6 Business Lessons You Can Learn From Oprah
Oprah Winfrey overcame an impoverished and violent childhood to become one of the most financially successful and personally beloved individuals of our time. Forbes has crowned her a most influential celebrity, a power woman and one of the world's most powerful people. TIME has placed her on its most influential people list, the TIME 100, every year since the list's inception. Forbes estimates her net worth at $2.7 billion.

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While few people will achieve such fame and wealth in their lifetimes, we can all adopt Oprah's attitudes and beliefs in pursuit of our own personal potential. Here are a few of the convictions that empower her and that can help you excel in your career, too. (For related reading, see 6 Ways Mentors Elevate Your Career.)

1. "When you do your best, people notice."
Oprah urges that you always do your best no matter what situation you're in. She says that if you're a fry cook, you can make yours the best french fries and people will be drawn to you.

Most of us tend to do the bare minimum that allows us to get by and keep collecting our paychecks, especially if we're in a job that we feel is beneath us. It seems like the rational choice - why do more than what is expected of us if we think we're not going to get paid extra for it, promoted or even recognized?

This thinking is short-sighted; we should really be asking how we can improve ourselves and be our best in any situation. We may not know what will come next, but we certainly won't be prepared for it if we aren't even trying to grow or excel. That fry cook who looks for the opportunity to shine in his minimum-wage position could become a chef one day. Oprah believes that "all of life is about growing to greatness." Why try to merely get by when you can aspire to be great? (For related reading, see 6 Millionaire Traits That You Can Adopt.)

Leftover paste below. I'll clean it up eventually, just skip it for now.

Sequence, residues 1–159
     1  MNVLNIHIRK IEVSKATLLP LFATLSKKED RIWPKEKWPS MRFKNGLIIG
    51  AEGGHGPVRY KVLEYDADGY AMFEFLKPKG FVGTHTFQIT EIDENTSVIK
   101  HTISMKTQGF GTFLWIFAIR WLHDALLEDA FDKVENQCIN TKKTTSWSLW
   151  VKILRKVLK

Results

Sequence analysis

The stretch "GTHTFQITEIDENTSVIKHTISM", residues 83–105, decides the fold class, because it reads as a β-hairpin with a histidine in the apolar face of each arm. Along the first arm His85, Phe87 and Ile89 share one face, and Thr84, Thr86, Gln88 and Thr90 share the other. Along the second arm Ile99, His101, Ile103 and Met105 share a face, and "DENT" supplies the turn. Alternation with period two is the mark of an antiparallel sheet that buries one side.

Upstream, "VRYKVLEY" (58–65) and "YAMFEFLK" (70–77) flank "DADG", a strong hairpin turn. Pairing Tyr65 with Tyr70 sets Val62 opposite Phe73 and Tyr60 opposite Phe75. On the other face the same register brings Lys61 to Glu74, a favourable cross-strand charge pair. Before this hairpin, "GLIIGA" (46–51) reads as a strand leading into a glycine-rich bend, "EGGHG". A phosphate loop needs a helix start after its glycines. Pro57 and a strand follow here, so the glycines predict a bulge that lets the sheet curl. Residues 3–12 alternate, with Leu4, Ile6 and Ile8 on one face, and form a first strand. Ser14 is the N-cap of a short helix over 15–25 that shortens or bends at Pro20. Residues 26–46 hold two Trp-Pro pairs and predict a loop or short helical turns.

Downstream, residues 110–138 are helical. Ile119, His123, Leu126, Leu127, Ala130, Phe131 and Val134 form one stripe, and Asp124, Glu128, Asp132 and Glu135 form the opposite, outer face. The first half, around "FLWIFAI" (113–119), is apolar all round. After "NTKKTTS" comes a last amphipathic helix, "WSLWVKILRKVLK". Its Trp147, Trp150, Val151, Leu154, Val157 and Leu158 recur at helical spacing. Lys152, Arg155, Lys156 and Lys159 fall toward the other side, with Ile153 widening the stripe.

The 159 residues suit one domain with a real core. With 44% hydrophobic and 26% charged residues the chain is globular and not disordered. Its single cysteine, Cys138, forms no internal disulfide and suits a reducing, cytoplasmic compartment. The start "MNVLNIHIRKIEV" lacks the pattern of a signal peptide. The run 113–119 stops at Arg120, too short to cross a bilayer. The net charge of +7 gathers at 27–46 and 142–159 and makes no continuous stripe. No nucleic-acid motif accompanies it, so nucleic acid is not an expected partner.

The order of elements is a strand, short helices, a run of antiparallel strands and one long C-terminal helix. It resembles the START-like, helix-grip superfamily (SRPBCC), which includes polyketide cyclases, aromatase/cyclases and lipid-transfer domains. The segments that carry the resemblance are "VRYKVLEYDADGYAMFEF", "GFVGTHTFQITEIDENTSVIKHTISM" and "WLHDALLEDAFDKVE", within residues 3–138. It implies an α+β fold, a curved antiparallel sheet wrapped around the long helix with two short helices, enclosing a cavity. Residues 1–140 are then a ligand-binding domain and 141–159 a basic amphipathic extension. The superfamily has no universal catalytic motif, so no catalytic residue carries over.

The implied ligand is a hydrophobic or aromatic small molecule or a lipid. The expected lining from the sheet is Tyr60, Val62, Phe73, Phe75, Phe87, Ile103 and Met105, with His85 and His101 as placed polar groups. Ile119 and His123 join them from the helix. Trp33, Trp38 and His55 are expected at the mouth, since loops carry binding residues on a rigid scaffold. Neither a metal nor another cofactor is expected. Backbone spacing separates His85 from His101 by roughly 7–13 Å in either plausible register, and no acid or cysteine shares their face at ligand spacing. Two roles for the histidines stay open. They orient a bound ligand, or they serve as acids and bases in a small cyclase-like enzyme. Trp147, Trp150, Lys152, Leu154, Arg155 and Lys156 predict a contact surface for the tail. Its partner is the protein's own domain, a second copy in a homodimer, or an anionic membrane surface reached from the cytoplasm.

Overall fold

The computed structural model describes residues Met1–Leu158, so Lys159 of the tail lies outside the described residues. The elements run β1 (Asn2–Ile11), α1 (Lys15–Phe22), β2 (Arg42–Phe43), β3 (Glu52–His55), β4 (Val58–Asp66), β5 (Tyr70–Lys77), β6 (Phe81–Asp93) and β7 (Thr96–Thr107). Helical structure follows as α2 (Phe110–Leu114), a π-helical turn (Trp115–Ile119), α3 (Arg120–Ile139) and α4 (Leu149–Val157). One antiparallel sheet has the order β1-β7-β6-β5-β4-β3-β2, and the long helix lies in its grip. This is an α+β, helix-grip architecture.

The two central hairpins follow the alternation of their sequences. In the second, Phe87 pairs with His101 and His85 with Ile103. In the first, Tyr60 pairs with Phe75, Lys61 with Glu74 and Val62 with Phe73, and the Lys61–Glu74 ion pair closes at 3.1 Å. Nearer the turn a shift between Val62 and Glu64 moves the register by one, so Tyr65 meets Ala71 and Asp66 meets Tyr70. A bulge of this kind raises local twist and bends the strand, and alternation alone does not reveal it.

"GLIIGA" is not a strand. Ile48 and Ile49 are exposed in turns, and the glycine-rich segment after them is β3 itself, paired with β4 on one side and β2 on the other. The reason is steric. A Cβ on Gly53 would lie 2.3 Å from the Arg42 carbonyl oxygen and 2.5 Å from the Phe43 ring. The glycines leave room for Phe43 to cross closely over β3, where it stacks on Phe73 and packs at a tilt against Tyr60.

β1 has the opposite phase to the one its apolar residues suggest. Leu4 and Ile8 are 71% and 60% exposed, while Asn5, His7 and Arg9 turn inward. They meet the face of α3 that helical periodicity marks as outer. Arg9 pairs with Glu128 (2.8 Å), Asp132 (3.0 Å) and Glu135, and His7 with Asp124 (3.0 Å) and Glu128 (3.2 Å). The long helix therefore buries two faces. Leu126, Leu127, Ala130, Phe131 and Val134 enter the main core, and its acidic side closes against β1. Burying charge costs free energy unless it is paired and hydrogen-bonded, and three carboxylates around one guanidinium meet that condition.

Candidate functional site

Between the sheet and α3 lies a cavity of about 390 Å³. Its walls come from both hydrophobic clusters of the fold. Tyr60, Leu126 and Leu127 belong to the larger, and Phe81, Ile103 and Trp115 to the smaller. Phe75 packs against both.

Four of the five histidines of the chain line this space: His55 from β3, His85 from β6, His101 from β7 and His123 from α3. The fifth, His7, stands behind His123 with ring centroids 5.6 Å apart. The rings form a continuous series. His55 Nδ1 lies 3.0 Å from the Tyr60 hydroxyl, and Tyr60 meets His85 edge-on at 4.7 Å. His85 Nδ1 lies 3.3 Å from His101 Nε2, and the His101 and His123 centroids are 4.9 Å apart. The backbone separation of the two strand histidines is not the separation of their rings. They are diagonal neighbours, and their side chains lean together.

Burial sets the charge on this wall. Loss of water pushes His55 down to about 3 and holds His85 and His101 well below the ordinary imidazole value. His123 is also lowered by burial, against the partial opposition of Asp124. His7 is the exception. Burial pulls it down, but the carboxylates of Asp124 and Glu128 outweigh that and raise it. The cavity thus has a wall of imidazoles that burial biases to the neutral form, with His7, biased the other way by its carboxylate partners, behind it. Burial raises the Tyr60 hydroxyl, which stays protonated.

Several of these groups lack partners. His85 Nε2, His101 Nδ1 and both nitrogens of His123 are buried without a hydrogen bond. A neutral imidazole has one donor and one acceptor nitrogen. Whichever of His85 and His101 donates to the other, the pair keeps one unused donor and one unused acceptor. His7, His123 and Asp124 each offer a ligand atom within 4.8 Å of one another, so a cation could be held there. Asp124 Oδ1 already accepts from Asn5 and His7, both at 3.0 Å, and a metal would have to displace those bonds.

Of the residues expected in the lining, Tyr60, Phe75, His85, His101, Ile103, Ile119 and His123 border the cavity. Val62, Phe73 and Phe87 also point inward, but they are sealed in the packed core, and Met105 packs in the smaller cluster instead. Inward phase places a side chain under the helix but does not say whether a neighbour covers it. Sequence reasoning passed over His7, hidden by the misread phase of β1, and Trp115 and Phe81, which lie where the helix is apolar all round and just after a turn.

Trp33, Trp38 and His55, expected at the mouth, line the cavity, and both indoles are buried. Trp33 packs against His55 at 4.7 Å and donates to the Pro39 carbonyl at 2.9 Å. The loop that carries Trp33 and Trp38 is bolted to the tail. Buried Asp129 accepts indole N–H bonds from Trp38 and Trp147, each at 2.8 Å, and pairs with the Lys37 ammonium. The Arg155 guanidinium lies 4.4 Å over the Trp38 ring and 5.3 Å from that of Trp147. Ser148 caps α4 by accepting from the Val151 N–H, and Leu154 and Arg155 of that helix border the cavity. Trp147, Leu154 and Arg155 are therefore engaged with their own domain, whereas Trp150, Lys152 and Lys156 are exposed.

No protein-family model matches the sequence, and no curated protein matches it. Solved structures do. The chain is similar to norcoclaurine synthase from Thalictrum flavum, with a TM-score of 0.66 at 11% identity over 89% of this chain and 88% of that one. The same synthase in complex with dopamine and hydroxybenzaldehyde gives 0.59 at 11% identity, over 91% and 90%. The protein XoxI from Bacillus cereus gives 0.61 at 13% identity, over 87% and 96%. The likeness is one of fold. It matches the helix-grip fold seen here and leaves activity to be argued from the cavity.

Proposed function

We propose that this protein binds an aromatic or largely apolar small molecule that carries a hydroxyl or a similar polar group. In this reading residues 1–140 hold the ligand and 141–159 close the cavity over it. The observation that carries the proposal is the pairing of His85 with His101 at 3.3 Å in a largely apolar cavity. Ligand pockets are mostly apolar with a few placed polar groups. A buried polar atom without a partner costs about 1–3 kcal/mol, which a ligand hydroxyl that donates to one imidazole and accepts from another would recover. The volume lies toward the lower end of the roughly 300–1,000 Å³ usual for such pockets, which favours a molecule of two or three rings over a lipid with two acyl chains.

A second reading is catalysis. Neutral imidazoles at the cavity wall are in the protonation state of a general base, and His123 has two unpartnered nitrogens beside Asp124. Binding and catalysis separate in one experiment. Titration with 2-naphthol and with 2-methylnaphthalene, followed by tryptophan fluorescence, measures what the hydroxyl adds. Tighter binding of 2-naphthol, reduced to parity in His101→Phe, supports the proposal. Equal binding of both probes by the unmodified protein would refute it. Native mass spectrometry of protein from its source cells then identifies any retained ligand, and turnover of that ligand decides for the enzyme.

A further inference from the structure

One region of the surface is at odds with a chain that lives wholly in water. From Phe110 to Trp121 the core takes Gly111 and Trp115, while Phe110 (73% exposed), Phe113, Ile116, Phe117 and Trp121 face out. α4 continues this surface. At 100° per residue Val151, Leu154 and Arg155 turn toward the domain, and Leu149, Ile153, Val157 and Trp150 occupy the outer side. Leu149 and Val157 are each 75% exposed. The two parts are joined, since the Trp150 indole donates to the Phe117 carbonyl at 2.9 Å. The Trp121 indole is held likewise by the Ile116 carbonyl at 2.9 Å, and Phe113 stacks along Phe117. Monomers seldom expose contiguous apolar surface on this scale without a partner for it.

2. "Luck is preparation meeting the moment of opportunity."
When we see someone who has achieved success, we often assume they've been lucky. Maybe they were born into the right family, or happened to sit next to the right person on the airplane, or had a blog post go viral.

Interestingly, successful people will often tell you that luck isn't something that arbitrarily touches certain individuals - you can do things that will help you to land in the right place at the right time. The singer who happens to meet a music industry person on the airplane will only get "lucky" if they are well-prepared, which might mean having put in years of practice to become a good singer, recording a demo, being friendly and open to meeting new people at all times and always carrying around a copy of that demo, just in case. A different singer who was just as talented could find themselves sitting next to that same person and not be able to make anything out of the moment because they weren't prepared.

The same is true of bloggers that get discovered: do you think Julie Powell felt lucky when she was putting in hundreds of hours cooking those 524 Julia Child recipes in 365 days and posting about each one? It was her hard work and pursuit of excellence - her willingness to do something challenging while the rest of us were watching "American Idol" and "Desperate Housewives" - that led to her critically acclaimed, bestselling book, two James Beard awards and a movie, among other achievements. (For related reading, see Small Business: It's All About Relationships.)

3. Listen to your own voice instead of trying to imitate someone else.